Every once in a while – okay maybe more frequently than that – I realize that I have missed a court decision on an issue I have been following. Most recently, I had been intrigued by the Sixth Circuit panel decisions in Brown v. Cassens Transport Co. (Brown II) and Jackson v. Sedgwick Claims Management Services, Inc. that had upheld Michigan workers’ compensation claimants’ rights to file federal RICO claims against their employers, their employers’ third party administrators and physicians who had conducted independent medical examinations on the theory that the defendants had conspired to unlawfully deny or terminate their workers’ compensation benefits. I had also noted that at least one other such case had been filed in federal court in Arizona.

My initial reaction was that these were terrible decisions that would enable any workers’ compensation claimant who was dissatisfied with a decision relating to his claim to challenge that decision in federal court. That reaction was further intensified when it occurred to me that the shoe could just as easily go on the other foot – that employers could file similar actions against an employee, his doctor and his representative, based on theories claiming that they conspired with each other to create or perpetuate a fraudulent claim. I wondered whether such a lawsuit could be viable in Ohio, which also is situated in the Sixth Circuit. What a horrible intrusion into a state’s workers’ compensation system this would create….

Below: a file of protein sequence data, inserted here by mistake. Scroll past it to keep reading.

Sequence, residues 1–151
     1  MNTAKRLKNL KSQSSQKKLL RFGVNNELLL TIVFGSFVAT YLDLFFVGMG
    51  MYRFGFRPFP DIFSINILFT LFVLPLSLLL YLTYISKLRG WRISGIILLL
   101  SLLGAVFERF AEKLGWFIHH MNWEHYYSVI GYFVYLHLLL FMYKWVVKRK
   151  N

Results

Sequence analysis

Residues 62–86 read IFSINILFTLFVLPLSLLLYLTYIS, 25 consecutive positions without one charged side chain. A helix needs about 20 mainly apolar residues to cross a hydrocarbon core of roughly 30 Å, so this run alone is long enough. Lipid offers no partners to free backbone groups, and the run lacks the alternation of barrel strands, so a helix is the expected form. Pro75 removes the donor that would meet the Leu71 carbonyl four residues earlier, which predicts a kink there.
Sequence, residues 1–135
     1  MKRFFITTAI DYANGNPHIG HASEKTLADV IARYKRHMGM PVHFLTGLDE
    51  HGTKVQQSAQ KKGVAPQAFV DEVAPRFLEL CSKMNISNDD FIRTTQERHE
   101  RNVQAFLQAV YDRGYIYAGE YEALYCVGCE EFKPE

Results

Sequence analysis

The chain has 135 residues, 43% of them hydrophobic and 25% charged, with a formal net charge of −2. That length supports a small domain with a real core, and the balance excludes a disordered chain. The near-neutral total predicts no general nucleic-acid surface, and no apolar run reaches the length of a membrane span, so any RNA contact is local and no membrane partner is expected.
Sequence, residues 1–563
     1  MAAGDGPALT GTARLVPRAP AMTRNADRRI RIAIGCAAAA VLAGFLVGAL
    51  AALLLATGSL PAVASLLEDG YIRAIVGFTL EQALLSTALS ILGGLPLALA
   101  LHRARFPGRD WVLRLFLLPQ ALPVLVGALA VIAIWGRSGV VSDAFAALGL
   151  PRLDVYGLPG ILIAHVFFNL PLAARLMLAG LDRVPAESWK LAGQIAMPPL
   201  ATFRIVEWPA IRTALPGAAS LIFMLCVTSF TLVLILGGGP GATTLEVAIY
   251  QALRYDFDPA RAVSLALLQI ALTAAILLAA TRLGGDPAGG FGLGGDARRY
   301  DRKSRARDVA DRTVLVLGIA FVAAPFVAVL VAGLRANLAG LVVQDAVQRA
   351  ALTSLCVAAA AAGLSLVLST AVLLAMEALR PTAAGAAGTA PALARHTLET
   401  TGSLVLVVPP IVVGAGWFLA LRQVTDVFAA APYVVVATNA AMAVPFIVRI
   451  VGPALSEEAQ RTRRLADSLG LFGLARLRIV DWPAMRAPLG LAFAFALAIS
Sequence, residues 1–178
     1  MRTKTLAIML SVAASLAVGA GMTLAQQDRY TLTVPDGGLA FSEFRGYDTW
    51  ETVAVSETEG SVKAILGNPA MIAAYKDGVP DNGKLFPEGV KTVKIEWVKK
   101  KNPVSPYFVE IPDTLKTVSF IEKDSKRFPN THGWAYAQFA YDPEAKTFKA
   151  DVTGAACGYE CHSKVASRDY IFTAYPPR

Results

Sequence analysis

Fortunately, the Sixth Circuit’s September 24, 2013, en banc decision in the Jackson case relieves my concerns for the time being. In Jackson, two Coca-Cola Enterprises, Inc., employees sued their employer, Sedgwick (its workers’ compensation third-party administrator), and a physician who had examined them both, claiming that they had “engaged in a fraudulent scheme involving the mail . . . to avoid paying benefits to injured employees” in violation of the Racketeer Influenced and Corrupt Organization Act (“RICO”). In short, both plaintiffs claimed that Sedgwick, on behalf of Coca-Cola, scheduled them for examinations with a physician who they claimed was a “a doctor ‘who could be relied upon to lie for defendants and write a report stating a claimant did not have a work related disability regardless of the true facts.’” Then, the plaintiffs’ complaint alleges that Coca-Cola and Sedgwick relied on the physician’s reports to either deny or terminate benefits in their claims.
Continue Reading Sixth Circuit En Banc Decision Rejects RICO Claim for Alleged Workers’ Compensation Fraud